Miami’s bench may seem rather shallow, but the Heat are actually operating at the league’s maximum roster size. So when Erick Dampier became a top candidate for replacing the minutes and production of Udonis Haslem, that meant one thing: if Dampier was to be had, one member of the Heat would have to go. Jamaal Magloire, Jerry Stackhouse, Juwan Howard, and Dexter Pittman, were all playing out minimal one-year deals, but in a bit of a surprise, Miami elected to part ways with Stackhouse in spite of their limited number of playable wings.
Stack, to his credit, understands the decision and doesn’t hold it against his now-former team. From Marc Stein, writing for ESPN.com’s The Heat Index, here’s Stackhouse’s reflection on his recent release:
“I never really got a chance to have any impact on what was happening one way or the other,” Stackhouse told ESPN.com via e-mail. “They know that. “I really feel they had full intentions of [providing that opportunity], but the injury to [Udonis Haslem] coupled with being outrebounded and losing the paint game in all of the losses — and even a few of the wins — put the onus on addressing those issues as opposed to finding out how I could complement what was going on, which I fully understand.
“The business is the business. I have no complaints. I thank Pat Riley and the Miami Heat organization for giving me the opportunity, which allowed me to get in NBA condition [and] will definitely benefit me when another opportunity arises.”
Miami doesn’t need high-minute subs due to the presence of LeBron James and Dwyane Wade, but shouldn’t they have more than Eddie House and James Jones available in case of injury? Particularly considering the minor tweaks that has already caused Wade to miss games during the regular season and preseason?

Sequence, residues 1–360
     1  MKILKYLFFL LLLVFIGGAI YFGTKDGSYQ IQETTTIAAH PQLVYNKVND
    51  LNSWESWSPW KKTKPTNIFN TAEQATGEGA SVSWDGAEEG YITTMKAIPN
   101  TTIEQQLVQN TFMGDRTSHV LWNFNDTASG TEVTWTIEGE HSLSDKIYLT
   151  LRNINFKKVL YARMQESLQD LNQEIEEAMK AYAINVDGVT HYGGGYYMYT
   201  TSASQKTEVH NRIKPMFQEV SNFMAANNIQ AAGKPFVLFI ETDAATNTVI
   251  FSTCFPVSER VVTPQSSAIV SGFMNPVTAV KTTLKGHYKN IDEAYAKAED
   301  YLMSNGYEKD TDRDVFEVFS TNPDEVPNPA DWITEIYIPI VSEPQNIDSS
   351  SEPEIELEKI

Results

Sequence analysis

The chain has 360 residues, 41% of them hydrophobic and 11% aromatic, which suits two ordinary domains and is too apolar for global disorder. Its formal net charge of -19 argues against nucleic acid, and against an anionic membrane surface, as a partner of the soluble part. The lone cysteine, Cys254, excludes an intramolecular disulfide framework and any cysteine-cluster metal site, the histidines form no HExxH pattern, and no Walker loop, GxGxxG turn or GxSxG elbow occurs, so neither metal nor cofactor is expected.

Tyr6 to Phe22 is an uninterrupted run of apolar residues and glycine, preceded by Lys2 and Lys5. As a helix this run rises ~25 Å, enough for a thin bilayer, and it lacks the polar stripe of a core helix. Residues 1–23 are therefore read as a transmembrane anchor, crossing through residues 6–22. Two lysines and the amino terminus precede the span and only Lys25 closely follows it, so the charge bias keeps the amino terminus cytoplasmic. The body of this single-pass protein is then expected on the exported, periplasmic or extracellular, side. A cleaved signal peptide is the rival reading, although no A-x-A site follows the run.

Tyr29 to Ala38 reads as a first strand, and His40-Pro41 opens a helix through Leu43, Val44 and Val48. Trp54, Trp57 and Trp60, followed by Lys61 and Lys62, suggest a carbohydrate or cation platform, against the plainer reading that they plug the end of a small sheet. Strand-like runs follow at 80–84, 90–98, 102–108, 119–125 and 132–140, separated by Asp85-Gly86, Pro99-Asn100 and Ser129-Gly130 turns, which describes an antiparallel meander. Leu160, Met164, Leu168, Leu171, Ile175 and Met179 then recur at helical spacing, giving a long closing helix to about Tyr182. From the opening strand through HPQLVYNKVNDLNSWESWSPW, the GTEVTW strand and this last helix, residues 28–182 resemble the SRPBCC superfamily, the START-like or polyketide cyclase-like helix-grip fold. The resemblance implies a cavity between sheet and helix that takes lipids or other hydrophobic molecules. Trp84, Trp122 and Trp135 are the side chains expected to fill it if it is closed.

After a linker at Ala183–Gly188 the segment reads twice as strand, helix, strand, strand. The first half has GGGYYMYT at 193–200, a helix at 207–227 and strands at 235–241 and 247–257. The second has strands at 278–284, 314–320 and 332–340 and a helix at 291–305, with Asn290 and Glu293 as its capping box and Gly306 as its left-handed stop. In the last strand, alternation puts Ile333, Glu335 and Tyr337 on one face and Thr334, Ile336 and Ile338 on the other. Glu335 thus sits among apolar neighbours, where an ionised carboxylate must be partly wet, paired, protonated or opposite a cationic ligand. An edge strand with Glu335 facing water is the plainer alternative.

I guess Stack’s usefulness to the Heat will be re-evaluated if any more injuries arise, but for now, Miami is content to wait for Mike Miller’s return while working Dampier into the big man rotation. No one should question the logic of the Dampier signing; his combination of interior defense (both on-ball and help) and rebounding is an unquestionable boon for Miami. But given the Heat’s needs elsewhere on the depth chart, it’s a bit curious that they chose to part with Stack as opposed to the now redundant Jamaal Magloire.
That’s just nasty.
Atlanta’s Al Horford gets the ball out high, but within his range, so when he pump fakes Indiana’s Lavoy Allen goes flying by. That opens up the lane and Horford attacks it, Solomon Hill tries to cut him off, but Horford just finishes threw him.
Pacers and Hawks played an entertaining, close game Friday night.
Dwyane Wade still has some springs.
In what may be his best dunk in recent memory, he shoulders Michael Kidd-Gilchrist to create space in transition, then gets up and throws it down before Nicolas Batum can get there for the block.
Not sure even Wade saw that one coming.
MINNEAPOLIS (AP) — Minnesota Timberwolves guard Zach LaVine is heading back to All-Star weekend to defend his slam dunk title. And he says he has “a few tricks up my sleeve” after dominating the event last year.
LaVine will compete against Detroit center Andre Drummond, Denver swingman Will Barton and Orlando forward Aaron Gordon in Toronto next weekend.
LaVine was one of the breakout stars of All-Star weekend last year with his electric performance in the dunk contest. He says he debated about coming back and made his decision after strong encouragement from his fans.
If LaVine wins, he will become the fourth player in the 31-year history of the event to repeat as champion. Michael Jordan, Jason Richardson and Nate Robinson are the others.
Blake Griffin will still return to the Clippers some time in March (barring any setbacks).
That said, he had a second procedure this week to repair the boxer’s fracture in his right hand, reports Ramona Shelburne of ESPN.
Clippers forward Blake Griffin underwent a second procedure this week on his broke right hand, sources told ESPN. The procedure was a part of the original surgery last week, so sources said the 4-6 week timeframe for his return remains unchanged.
This might help explain why Griffin’s hand looked so swollen and scarred this week. But to be clear, this was a planned second procedure, not a setback.
Griffin suffered the fracture punching a Clippers’ equipment manager while everyone was out to dinner in Toronto recently, while Griffin was still sidelined with a quadricep injury. The Clippers have moved on, but it is likely the league will tack on a couple of game suspension for Griffin upon his return to health.
And no, the Clippers are not looking to trade Griffin in spite of this. So stop asking.